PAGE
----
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FROM THE YEAR 1776 TO THE CLOSE OF THE PROCEEDINGS IN PARIJA
MENT, FOR THE REPEAL OF THE UNION.
COMPILED FROM OFFICIAL DOCUMENTS.
BY ROBERT HUISH, Esq. F.R.S. F.Z.A.
ATZOR OF THE “LIFE OP THE PRINCESS CHARLOTTE." " MEMOIRS OP GEORGE IV."
“ Domestic ADVISER, OR FEMALE'S FRIEND," &c. &c.
PUBLISHED FOR THE PROPRIETOR, AND SOLD BY
W. JOHNSTON, LOVELL'S COURT, ST. PAUL'S.
It is universally admitted that there is no department of Literature attended with such discouraging circumstances, or which requires a greater exercise of judgement and discrimination, than a detail of the actions of an individual, whilst he is yet living, or before his contemporaries have had the proper and necessary opportunities of appreciating his character, and forming a decision of it upon the irrefutable basis of truth and impartiality. On every side, the biographer sees himself surrounded by those, almost inextricable difficulties, which operate with such a repellent force, as to render the task, if not a hopeless one, at least one of the most ungracious and disagreeable, that can possibly be undertaken. A becoming delicacy, and a justifiable respect for the feelings of the living and their connections, ought always to have a preponderating influence over a liberal mind, in abstaining from a recital of many circumstances, the publicity of which might inflict a pang upon an unoffending individual, and prove of serious injury to the character of some of the acting parties, without any good or beneficial result; at the same time, that food is administered to the degraded appetite, which delights to feed on the offals of calumny and detraction. Some strong predilections and partialities will generally exist in the breast of the biographer for the object of his memoir, and in some cases the contrary will take place; it becomes therefore a difficult task to steer clear between fulsome and servile panegyric, and violent and overstrained abuse; in either case, the beauty of truth is lost, and particular events are glossed over, that they may not throw a darkening shade over the brightness of the pirture, which is attempted to be drawn, or on the other hand, they are so perverted and magnified, that the character of the individual becomes caricatured ; a mass of deformity is exhibited, without scarcely a single redeeming virtue, and a picture is transmitted to posterity, in which truth is the principal feature that is wanting.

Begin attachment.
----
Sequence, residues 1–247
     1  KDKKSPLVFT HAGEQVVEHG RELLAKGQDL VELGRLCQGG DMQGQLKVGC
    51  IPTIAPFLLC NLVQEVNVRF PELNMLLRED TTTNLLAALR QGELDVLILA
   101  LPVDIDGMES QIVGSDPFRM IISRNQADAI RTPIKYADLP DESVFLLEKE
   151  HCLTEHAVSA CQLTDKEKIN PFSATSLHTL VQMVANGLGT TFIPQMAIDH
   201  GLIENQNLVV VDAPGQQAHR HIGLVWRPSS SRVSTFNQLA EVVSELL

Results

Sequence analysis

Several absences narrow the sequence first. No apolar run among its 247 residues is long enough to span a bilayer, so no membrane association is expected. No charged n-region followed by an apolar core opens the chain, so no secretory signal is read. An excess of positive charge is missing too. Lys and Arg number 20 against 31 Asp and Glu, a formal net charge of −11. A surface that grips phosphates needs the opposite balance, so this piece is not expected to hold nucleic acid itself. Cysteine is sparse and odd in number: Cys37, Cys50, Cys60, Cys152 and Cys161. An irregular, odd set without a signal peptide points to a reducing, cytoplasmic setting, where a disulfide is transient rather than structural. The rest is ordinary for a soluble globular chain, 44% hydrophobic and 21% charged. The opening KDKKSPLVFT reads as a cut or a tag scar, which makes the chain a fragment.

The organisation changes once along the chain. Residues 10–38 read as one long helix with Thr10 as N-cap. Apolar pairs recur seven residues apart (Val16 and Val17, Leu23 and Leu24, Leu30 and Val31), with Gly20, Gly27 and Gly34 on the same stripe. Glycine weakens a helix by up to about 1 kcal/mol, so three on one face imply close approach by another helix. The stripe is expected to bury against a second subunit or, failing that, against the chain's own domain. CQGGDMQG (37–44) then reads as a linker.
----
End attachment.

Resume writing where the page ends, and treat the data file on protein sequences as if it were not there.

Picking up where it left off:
Seldom indeed, and we may add, never does it happen, that due and proper justice is done to the character of an individual during his life time, and it is only when he is removed from the scenes of this world, that his real dispositions as they displayed themselves, begin to be properly understood and appreciated. Personal and political animosities have then in a great measure subsided, and the individual is seen through the clear and pellucid medium of truth and impartiality. That such, however, is not always the case, is evident from Scott's Life of Napoleon, and Moore's Life of Sheridan, two works, which for the reputation of the respective Authors, it were well, if they had never written them.
When individual character is to be discussed, candour is one of the first requisites, and in the present instance, some apology may be deemed necessary, for having undertaken the onerous task of delineating the character of an individual of whose private life so little is known, and of whose public one, so many and discordant opinions have been held. It has, therefore, been the chief aim of the Author of the following work, to adhere strictly to historical facts, as they have been transmitted by the most authentic authority, but at the same time, as an ardent admirer of universal liberty and freedom of action without reference to sectarian principles, to uphold the subject of his memoir, as the giant who has broken the chains of religious intolerance, who made the bigots of his country feel that political rights are not to be determined by modes of faith, and that an exclusion from them on the score of religions, is incompatible with the spirit and principle of the British Constitution.